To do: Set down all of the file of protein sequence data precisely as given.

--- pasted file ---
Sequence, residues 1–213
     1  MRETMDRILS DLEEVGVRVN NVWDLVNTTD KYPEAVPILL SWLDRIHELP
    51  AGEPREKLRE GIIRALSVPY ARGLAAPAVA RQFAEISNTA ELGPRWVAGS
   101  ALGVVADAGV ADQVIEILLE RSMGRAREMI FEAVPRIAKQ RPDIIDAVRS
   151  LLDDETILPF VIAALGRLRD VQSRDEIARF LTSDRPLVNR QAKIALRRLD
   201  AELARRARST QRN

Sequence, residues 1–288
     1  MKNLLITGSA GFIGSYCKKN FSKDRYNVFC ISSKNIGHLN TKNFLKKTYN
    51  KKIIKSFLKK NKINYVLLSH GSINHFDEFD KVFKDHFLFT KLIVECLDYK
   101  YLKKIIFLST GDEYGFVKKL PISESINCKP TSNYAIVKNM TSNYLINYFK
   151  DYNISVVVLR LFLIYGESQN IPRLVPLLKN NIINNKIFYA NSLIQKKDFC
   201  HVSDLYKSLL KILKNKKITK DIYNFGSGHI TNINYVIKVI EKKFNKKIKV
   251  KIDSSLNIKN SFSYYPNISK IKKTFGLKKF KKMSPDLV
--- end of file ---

Sequence, residues 1–213
     1  MRETMDRILS DLEEVGVRVN NVWDLVNTTD KYPEAVPILL SWLDRIHELP
    51  AGEPREKLRE GIIRALSVPY ARGLAAPAVA RQFAEISNTA ELGPRWVAGS
   101  ALGVVADAGV ADQVIEILLE RSMGRAREMI FEAVPRIAKQ RPDIIDAVRS
   151  LLDDETILPF VIAALGRLRD VQSRDEIARF LTSDRPLVNR QAKIALRRLD
   201  AELARRARST QRN

Sequence, residues 1–288
     1  MKNLLITGSA GFIGSYCKKN FSKDRYNVFC ISSKNIGHLN TKNFLKKTYN
    51  KKIIKSFLKK NKINYVLLSH GSINHFDEFD KVFKDHFLFT KLIVECLDYK
   101  YLKKIIFLST GDEYGFVKKL PISESINCKP TSNYAIVKNM TSNYLINYFK
   151  DYNISVVVLR LFLIYGESQN IPRLVPLLKN NIINNKIFYA NSLIQKKDFC
   201  HVSDLYKSLL KILKNKKITK DIYNFGSGHI TNINYVIKVI EKKFNKKIKV
   251  KIDSSLNIKN SFSYYPNISK IKKTFGLKKF KKMSPDLV